Troubled Ocean Fisheries

June 15, 1984

Report Outline
Causes of Decline
Impetus for Change
Increasing the Catch
Special Focus

Causes of Decline

Fish Supply Strained by Demand for Food

The Price of fish is on the rise, not just in seafood stores and supermarkets in the United States but around the world, in rich and poor countries alike. The world's oceans, once thought of as an inexhaustible source of protein-rich food, are beginning to show the strains of overfishing, pollution and the ever-increasing demand for food by a human population that is expanding by nearly 80 million persons a year.

“Three tremendous shocks have hit the world fishing industry in the past 15 years, affecting every individual fish consumer,” said a spokesman for the Food and Agriculture Organization (FAO) of the United Nations. “First, the ocean fish catch, after rising 5 to 7 percent a year since 1950, suddenly trailed off to under 1 percent in the mid-1970s. That is about half the population growth, so fish is scarcer and dearer every year. Second, the great oil price rises in the 1970s affected fishing much harder than other industries, because fuel is the biggest cost component after the purchase of a boat. This hits both the small fisherman with an outboard motor and the big Russian factory ship, and both very hard. And third, during the negotiations for the new Law of the Sea Convention nearly all coastal countries adopted the 200-mile exclusive economic and fishing zone, radically altering rights of access to fishing banks that have been open to all throughout history.…What you have, in short, is the world's oldest and biggest industry after farming in complete ferment.”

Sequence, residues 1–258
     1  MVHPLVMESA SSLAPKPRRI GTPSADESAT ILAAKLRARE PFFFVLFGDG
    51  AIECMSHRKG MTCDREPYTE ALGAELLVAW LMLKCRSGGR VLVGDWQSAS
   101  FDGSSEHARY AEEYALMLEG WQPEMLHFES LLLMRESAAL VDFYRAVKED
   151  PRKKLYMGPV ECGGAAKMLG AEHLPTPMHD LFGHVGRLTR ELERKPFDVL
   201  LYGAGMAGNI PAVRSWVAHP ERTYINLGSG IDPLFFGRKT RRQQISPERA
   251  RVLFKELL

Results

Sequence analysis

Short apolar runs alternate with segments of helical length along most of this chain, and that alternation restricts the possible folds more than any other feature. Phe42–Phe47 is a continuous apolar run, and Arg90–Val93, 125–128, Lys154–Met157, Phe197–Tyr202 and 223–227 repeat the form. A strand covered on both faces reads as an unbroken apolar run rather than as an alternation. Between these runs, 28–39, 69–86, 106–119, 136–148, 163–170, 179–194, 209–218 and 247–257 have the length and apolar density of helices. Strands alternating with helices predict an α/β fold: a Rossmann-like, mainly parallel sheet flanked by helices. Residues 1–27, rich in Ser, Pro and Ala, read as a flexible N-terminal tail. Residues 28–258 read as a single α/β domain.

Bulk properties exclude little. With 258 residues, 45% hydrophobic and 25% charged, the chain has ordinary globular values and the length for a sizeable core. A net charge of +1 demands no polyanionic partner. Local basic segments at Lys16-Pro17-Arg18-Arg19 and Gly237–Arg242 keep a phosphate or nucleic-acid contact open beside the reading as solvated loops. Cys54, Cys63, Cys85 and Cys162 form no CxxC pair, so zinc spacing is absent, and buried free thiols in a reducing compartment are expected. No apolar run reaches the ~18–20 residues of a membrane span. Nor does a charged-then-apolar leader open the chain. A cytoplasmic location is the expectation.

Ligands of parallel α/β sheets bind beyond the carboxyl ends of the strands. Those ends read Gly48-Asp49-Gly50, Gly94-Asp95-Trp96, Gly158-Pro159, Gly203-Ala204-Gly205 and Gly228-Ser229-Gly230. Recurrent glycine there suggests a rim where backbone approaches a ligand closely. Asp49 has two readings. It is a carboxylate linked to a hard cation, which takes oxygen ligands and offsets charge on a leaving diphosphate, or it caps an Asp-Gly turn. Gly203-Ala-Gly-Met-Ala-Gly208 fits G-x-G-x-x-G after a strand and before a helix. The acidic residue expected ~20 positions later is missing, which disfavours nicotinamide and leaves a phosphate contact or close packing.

The FAO is convening a World Fisheries Conference in Rome June 27–July 6 to assess what is happening to the fish catch and to plan a strategy for better management and development of ocean fisheries. The conference, the FAO spokesman said, “is the first global attempt since the triple shock to take an indepth look at what comes next.”

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